"During times of universal deceit, telling the truth becomes a revolutionary act." -George Orwell

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post #34 of 128
Thread Starter 
Quote:
Originally Posted by BR View Post

Because the Supreme Court is as infallible as the pope. Except when it comes to Roe v Wade in which case the legitimacy of the Supreme Court is always called into question.

Shocking.

The Supreme Court isn't the source of authority for the right to bear arms. It's the Constitution. It's very explicit.

You won't see "the right to an abortion" in there, and that's THE source of contention, especially when the constitution specifically says that anything not in the constitution is left up to the states and the people.

Quote:
Originally Posted by 10th amendment

The powers not delegated to the United States by the Constitution, nor prohibited by it to the States, are reserved to the States respectively, or to the people.
post #35 of 128
Quote:
Originally Posted by Taskiss View Post

The Supreme Court isn't the source of authority for the right to bear arms. It's the Constitution. It's very explicit.

You won't see "the right to an abortion" in there, and that's THE source of contention, especially when the constitution specifically says that anything not in the constitution is left up to the states and the people.


Exactly. It's amazing...here we have an explicitly stated right. Yet, some contend that it's not a right at all. On the other hand, we have a decision like Roe, which essentially saw the Supreme Court invent a right based on the implied (at best) notion of privacy. Somehow that right is incontrovertible though. Anyone who opposes it wants to "take the rights of women away."

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post #36 of 128
Quote:
Originally Posted by trumptman View Post

It is a right and myself and my .177 caliber death machine are thankful for it.

However as for swaying, those that think that Constitution is more like a concept tend to modify the understanding of it in whatever fashion they desire.

Oh come on your a ping ping patriot! How are you going to stop a tyrannical government (aka Obama administration) with just that poxy little thing. You need to get serious, be a real patriot prepared every second of the day to defend liberty against healthcare reform. Arm yourself to the teeth with as many high powered assault rifles and grenade launchers as money can buy or your just a part of the problem instead of part of the final solution. And don't forget to buy an armoured supersize suv and put battering rams and a look out tower on it. I recommend at least one sniper rifle too, multiple shotguns and a nuclear fallout shelter.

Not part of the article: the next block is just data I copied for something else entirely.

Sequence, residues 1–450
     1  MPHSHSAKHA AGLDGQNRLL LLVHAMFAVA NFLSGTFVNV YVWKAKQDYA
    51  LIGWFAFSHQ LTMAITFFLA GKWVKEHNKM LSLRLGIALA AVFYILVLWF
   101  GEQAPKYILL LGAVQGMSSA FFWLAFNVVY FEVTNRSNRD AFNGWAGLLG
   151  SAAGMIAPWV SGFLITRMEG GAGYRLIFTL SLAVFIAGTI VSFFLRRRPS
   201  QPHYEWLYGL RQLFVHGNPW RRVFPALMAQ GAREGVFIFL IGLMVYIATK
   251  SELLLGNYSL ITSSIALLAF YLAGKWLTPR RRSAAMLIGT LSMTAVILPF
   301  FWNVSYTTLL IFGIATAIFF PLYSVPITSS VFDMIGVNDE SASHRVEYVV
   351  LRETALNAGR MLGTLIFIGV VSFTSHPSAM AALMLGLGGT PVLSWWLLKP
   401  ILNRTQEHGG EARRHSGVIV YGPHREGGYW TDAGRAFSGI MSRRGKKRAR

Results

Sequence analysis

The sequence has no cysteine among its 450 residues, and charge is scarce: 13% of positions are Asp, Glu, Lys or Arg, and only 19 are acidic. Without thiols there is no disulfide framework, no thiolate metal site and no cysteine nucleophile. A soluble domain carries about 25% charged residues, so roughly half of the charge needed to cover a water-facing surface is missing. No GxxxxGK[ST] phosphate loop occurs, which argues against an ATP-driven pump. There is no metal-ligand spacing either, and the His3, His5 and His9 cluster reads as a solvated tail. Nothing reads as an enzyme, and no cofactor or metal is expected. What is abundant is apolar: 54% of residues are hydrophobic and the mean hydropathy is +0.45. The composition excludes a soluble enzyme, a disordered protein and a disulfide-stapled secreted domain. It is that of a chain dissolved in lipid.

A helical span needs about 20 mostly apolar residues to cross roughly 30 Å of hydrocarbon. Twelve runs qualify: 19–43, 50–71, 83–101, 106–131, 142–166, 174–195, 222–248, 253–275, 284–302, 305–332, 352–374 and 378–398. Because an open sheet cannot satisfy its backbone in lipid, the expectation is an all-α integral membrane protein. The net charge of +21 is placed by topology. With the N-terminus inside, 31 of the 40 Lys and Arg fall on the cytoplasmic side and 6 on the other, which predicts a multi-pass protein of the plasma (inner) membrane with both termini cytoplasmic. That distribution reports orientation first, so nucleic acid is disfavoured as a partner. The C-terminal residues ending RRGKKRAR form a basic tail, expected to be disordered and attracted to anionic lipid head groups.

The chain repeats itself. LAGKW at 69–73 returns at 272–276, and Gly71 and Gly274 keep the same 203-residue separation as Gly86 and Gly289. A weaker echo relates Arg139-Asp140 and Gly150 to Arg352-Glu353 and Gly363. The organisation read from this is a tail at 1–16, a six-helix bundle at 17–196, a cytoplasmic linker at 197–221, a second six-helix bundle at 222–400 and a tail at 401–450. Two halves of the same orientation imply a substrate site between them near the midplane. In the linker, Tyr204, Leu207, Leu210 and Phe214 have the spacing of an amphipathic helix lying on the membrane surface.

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post #37 of 128
Quote:
Originally Posted by SDW2001 View Post

Exactly. It's amazing...here we have an explicitly stated right. Yet, some contend that it's not a right at all. On the other hand, we have a decision like Roe, which essentially saw the Supreme Court invent a right based on the implied (at best) notion of privacy. Somehow that right is incontrovertible though. Anyone who opposes it wants to "take the rights of women away."


I'm not denying that owning a gun is a right. I'm calling into question to what extent it should be. You can't possibly claim that you aren't even allowed to reexamine the relevance of certain aspects of the Constitution, can you? That's why there's an Amendment process. That's why there's a Supreme Court to interpret how the Constitution is to be applied.

 

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-Sagan
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post #38 of 128
Quote:
Originally Posted by Hands Sandon View Post

The only thing that's around the corner is the possibility that a few idiots with guns will kill a few hundred people or so with their guns and then you won't have any more guns. The vast majority of people are not going to kill police officers.

People are killed by idiots all the time. That does not portend the end of individual gun ownership, much as it might pain someone to admit it.

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post #39 of 128
Quote:
Originally Posted by SpamSandwich View Post

People are killed by idiots all the time. That does not portend the end of individual gun ownership, much as it might pain someone to admit it.

I'm not actually for banning guns. I actually think that it would be wrong to take guns away from American's when the country is full of them. I am for sensible gun laws though.

What I was trying to get across is that say during a quarantining event, there might be ten different lots of very well armed, like the people in OathKeepers, who go after the police rather than be quarantined. They're highly armed and trained and kill several hundred, maybe more, police. After something like that I can well imagine that guns, like the Bushmaster in the Mother Jones piece, would be banned. Indeed I can see the fallout being that there would be much stronger gun laws put into place generally.

It strikes me that it's just a matter of time before something on that scale takes place.
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post #40 of 128
Quote:
Originally Posted by Hands Sandon View Post

I'm not actually for banning guns. I actually think that it would be wrong to take guns away from American's when the country is full of them. I am for sensible gun laws though.

What I was trying to get across is that say during a quarantining event, there might be ten different lots of very well armed, like the people in OathKeepers, who go after the police rather than be quarantined. They're highly armed and trained and kill several hundred, maybe more, police. After something like that I can well imagine that guns, like the Bushmaster in the Mother Jones piece, would be banned. Indeed I can see the fallout being that there would be much stronger gun laws put into place generally.

It strikes me that it's just a matter of time before something on that scale takes place.

Again, anything is possible and neither of us knows of a future certain, but the scenario you just described sounds a bit like a scene from any of a number of recent zombie movies.